Student union backs down on support for Palestine

The University of Melbourne Student Union (UMSU) student council on 26 May voted to rescind a historic pro-Palestine motion after receiving a threat of a class-action lawsuit. The motion, which passed a month earlier, included support for Palestinians to engage in armed struggle in their fight for self-determination and endorsed the Boycott, Divestment and Sanctions (BDS) campaign against Israel.

Since passing the motion, the union has faced a torrent of cynical accusations of anti-Semitism from the university administration, various Zionist organisations and the Murdoch press. This blowback culminated in a student member of the Liberal Party, Justin Riazaty, who is a former head of the now-defunct Monarchist Society, initiating a class-action lawsuit.

Gladwin Legal sent a letter to UMSU instructing the council to rescind the Palestine motion and issue a formal apology to Riazaty, who is not Jewish, to avoid legal action. Greg Barns, Australian Lawyers Alliance spokesman and SC, accurately described the class action as “aggressive threatening” and a “vicious attack on freedom of speech”.

The letter claimed UMSU was in breach of the Associations Incorporation Reform Act 2012 and the Racial and Religious Tolerance Act 2001. On the webpage set up to register interest in the class action, Gladwin Legal declared that UMSU had acted outside the scope of its purposes by passing a political motion and that the union had engaged in “oppressive conduct” by not consulting Jewish students.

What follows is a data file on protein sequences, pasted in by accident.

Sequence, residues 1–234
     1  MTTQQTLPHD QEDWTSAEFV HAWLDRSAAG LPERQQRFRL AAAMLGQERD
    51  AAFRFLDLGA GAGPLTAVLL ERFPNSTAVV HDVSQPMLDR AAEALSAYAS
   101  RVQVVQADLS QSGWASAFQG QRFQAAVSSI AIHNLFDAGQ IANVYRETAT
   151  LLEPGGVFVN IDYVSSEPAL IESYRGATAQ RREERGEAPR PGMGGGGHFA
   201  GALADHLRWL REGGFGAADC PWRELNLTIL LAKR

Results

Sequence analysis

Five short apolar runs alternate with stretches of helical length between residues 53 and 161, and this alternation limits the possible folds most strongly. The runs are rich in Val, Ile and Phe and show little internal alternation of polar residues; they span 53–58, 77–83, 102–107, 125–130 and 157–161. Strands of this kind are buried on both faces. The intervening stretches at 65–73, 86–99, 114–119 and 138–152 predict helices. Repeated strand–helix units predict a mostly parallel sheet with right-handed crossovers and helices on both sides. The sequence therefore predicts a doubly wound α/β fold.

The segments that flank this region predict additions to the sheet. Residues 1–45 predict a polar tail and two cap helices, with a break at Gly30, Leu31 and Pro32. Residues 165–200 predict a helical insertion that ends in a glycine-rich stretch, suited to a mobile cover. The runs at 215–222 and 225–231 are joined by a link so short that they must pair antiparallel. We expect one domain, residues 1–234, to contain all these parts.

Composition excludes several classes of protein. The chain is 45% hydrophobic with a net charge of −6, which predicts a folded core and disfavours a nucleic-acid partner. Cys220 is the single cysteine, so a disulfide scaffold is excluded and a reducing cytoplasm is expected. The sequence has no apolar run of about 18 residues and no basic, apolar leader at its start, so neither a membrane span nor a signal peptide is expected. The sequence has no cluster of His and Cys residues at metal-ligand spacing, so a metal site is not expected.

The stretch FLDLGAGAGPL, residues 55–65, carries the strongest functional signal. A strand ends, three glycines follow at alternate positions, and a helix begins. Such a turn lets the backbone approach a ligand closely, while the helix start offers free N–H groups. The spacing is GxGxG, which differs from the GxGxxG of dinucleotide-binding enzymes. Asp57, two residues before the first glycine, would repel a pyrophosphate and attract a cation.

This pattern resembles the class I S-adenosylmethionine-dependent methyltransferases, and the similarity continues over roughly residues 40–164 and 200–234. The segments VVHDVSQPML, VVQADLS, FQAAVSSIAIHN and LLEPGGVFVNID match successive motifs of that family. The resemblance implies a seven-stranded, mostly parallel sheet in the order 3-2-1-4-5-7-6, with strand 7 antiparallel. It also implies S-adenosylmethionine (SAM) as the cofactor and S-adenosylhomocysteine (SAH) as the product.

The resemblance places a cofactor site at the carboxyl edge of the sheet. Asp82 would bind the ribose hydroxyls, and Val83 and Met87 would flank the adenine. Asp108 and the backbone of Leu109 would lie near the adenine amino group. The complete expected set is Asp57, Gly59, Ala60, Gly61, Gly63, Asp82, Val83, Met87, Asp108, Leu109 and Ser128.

Riazaty’s class action sought a declaration by the court that the BDS motion was outside of the UMSU’s purpose and, among other things, “an order regulating the conduct of the UMSU’s affairs in the future”.

This was a full-frontal assault on the student union. It is an outrage that a right-winger with money and connections, unable to win a vote in the student council, can engage lawyers to threaten to gag a student union for expressing solidarity with Palestine.

“The arguments made in the lawsuit are cynical and dishonest, conflating criticism of Israel with anti-Semitism”, a Students for Palestine open letter with more than 300 signatories said in response. “This is an attempt to undermine solidarity with the Palestinians. The Israeli occupation of Palestine denies Palestinians basic civil and human rights. It is a militarised apartheid regime.”

This class action attacked support for Palestine and attacked the right of student unions to take political positions and exercise internal democracy. Student unions historically played a key role in championing left-wing campaigns. During the Vietnam War, Melbourne University student union hid draft dodgers in Union House. At Monash, the union supported students accused of treason for raising money for the National Liberation Front resisting US imperialism. Student unions have battled in courts to defend their right to take political positions.